I’m on record here as stating that the real estate/foreclosure/sub prime mortgage problem currently unfolding presents a potential crisis for the U.S. economy. Late breaking news on the subject on on Wednesday, however, makes me wonder if I’ve been too optimistic to date.
This entire situation has so many facets that it’s truly challenging to grasp them all, but this is the first time that I’ve been aware that the F.D.I.C. has been pulled into the fray.
Under terms of an agreement hammered out between the administration and lenders, interest rates would be frozen for five years on certain subprime mortgages, congressional aides said.
The plan apparently would not go quite as far as those proposed by Democratic presidential candidates Hillary Rodham Clinton and John Edwards, who are focusing on the issue in their campaigns. News of an agreement on the White House plan emerged just as Clinton was discussing her own proposal in a speech in New York and then an interview on CNBC.
The White House plan, the result of negotiations led by Treasury Secretary Henry Paulson, would freeze interest rates at lower “starter” rates on many loans that were popular with lenders and borrowers the tail end of the housing boom.
Clinton’s proposal also would impose a 90-day moratorium on foreclosures.
With home prices now falling in many parts of the country, many homeowners are having trouble refinancing their loans because they have little or no equity left — and may owe more than their home is worth.
Paulson, who has been leading talks with regulators, investors and lenders, said Monday that the government wanted to freeze rates to give homeowners and lenders more time to refinance or modify terms of existing loans. Bush is scheduled to speak about the plan at the White House Thursday, and Paulson will hold a news conference with Housing and Urban Development Secretary Alphonso Jackson to provide details. […]
The Treasury plan reportedly would include a five-year freeze on adjustable rates for borrowers with loans made from the start of 2005 through July 30 of this year with rates that are scheduled to rise between Jan. 1, 2008, and July 31, 2010.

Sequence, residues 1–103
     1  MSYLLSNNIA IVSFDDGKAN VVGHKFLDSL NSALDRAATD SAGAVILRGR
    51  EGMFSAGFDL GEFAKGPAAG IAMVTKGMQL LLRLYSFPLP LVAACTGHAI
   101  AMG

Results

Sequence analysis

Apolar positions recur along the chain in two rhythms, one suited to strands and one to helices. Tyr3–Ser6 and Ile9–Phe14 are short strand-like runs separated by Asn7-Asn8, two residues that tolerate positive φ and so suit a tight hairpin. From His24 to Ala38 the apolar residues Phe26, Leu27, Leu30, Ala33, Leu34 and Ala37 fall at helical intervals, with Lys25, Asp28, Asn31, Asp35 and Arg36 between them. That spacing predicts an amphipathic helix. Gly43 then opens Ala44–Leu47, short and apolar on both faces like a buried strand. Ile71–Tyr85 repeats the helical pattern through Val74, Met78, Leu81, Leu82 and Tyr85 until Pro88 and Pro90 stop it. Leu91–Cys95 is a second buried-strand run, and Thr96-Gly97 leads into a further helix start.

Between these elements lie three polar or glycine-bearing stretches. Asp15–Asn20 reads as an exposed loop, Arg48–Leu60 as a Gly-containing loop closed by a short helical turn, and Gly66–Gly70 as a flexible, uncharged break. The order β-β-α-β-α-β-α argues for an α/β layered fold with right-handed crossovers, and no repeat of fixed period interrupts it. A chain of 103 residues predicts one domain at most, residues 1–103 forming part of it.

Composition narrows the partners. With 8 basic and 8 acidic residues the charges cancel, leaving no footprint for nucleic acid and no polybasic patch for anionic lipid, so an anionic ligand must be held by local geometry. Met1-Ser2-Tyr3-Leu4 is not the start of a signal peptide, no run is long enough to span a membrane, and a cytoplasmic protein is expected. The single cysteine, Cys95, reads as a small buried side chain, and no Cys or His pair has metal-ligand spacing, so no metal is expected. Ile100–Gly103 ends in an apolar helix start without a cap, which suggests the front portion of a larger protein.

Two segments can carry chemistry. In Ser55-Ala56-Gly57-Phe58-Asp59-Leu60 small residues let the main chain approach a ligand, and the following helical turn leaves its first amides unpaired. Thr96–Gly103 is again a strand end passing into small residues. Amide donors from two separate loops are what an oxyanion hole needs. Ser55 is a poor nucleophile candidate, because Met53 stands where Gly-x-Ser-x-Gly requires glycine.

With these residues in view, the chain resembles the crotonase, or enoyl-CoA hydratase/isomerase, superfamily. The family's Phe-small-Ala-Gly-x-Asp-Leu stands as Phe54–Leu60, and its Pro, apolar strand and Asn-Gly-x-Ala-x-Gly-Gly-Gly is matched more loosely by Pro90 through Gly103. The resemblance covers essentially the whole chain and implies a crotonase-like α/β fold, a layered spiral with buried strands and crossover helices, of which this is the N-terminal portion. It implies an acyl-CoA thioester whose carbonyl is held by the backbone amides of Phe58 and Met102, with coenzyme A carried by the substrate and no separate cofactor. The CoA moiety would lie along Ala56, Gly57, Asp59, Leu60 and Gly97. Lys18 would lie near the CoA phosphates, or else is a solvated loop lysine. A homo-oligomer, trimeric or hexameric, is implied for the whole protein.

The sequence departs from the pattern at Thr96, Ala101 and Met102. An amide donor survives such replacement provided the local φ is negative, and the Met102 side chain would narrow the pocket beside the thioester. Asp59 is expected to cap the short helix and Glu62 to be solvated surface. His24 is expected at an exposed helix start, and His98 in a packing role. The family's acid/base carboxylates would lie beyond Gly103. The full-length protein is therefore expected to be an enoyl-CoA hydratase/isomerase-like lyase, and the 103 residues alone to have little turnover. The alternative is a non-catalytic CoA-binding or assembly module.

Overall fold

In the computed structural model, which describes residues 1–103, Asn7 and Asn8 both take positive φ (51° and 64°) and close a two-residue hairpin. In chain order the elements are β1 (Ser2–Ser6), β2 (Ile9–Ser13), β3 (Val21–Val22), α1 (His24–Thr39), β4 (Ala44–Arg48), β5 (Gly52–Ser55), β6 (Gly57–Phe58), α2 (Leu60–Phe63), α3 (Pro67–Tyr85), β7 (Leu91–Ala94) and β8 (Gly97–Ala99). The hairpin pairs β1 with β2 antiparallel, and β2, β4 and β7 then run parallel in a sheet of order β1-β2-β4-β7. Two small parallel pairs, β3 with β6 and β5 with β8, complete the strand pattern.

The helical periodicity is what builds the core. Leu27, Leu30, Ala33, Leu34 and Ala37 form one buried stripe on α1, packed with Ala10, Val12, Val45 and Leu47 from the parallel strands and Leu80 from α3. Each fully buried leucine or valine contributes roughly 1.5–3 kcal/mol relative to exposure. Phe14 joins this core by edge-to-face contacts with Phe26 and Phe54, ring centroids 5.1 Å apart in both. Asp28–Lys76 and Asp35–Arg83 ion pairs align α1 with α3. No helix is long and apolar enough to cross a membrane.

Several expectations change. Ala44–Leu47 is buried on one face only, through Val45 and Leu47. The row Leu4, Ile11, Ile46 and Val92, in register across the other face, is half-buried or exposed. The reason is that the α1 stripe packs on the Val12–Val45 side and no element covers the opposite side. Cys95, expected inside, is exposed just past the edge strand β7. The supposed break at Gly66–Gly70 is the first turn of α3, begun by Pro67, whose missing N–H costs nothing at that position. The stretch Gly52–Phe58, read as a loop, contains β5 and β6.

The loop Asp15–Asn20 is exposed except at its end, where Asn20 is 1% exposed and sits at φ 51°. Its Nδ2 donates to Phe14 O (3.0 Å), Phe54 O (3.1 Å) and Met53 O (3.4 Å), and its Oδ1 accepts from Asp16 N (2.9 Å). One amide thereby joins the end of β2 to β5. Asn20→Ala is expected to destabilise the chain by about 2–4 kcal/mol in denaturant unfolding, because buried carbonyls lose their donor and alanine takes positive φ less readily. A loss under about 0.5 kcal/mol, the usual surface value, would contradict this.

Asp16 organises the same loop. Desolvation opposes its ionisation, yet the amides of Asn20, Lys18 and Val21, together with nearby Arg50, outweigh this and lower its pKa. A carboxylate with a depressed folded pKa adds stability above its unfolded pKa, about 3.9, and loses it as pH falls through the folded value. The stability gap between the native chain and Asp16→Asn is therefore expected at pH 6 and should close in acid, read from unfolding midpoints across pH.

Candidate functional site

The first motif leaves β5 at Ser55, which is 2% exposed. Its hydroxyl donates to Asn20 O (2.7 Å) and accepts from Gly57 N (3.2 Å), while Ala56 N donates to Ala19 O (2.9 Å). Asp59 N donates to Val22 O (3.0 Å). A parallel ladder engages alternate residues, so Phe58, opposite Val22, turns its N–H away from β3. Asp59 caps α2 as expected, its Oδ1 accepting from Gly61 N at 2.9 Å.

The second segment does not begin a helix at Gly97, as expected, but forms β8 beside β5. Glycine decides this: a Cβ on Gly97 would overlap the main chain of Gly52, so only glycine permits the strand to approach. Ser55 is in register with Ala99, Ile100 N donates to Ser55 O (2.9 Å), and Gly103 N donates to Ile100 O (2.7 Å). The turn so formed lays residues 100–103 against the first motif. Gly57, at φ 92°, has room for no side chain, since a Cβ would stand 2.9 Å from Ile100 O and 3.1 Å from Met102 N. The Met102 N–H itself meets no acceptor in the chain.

Until recently, the White House has insisted that the task of modifying of mortgage loans should be handled on a case-by-case basis. In October, Sheila Bair, head of the Federal Deposit Insurance Corp., suggested a more comprehensive approach that would involve freezing rates on loans that are scheduled set to move higher.
But foreclosure attorneys, regulators, mortgage brokers, credit counselors and others involved in helping homeowners head off foreclosures say the complexity of the process will make broad solutions difficult to implement.
The FDIC, of course, is the insurer of last resort for bank account balances up to $100,000. But the only way that accounts become at risk is in instances of bank failure. Banks cannot keep operating and just refuse to repay some or all depositors. Further, the FDIC actively monitors bank solvency to anticipate problems, and becomes proactive only in the event that a potential for loss is perceived.
According to the article excerpted, FDIC has taken an aggressive stance in reaction to the unfolding situation, resulting in proposing a systemic response. A systemic response on the part of FDIC, as I understand it, connotes a systemic problem. Certainly in instances of a problem with a particular banking institution the approach is to structure a response directed only to the problem.
Banks make relatively few mortgages for their own portfolio, that being the role primarily of secondary market securitizations. The thought that there might possibly be banking system exposure to the losses being displayed in the headlines with regards to some individual banks is not something that seemed to me before now to be an issue. However, if FDIC perceives this situation as being sufficient to warrant FDIC intervention at this level, that is a factor that merits attention by every concerned observer.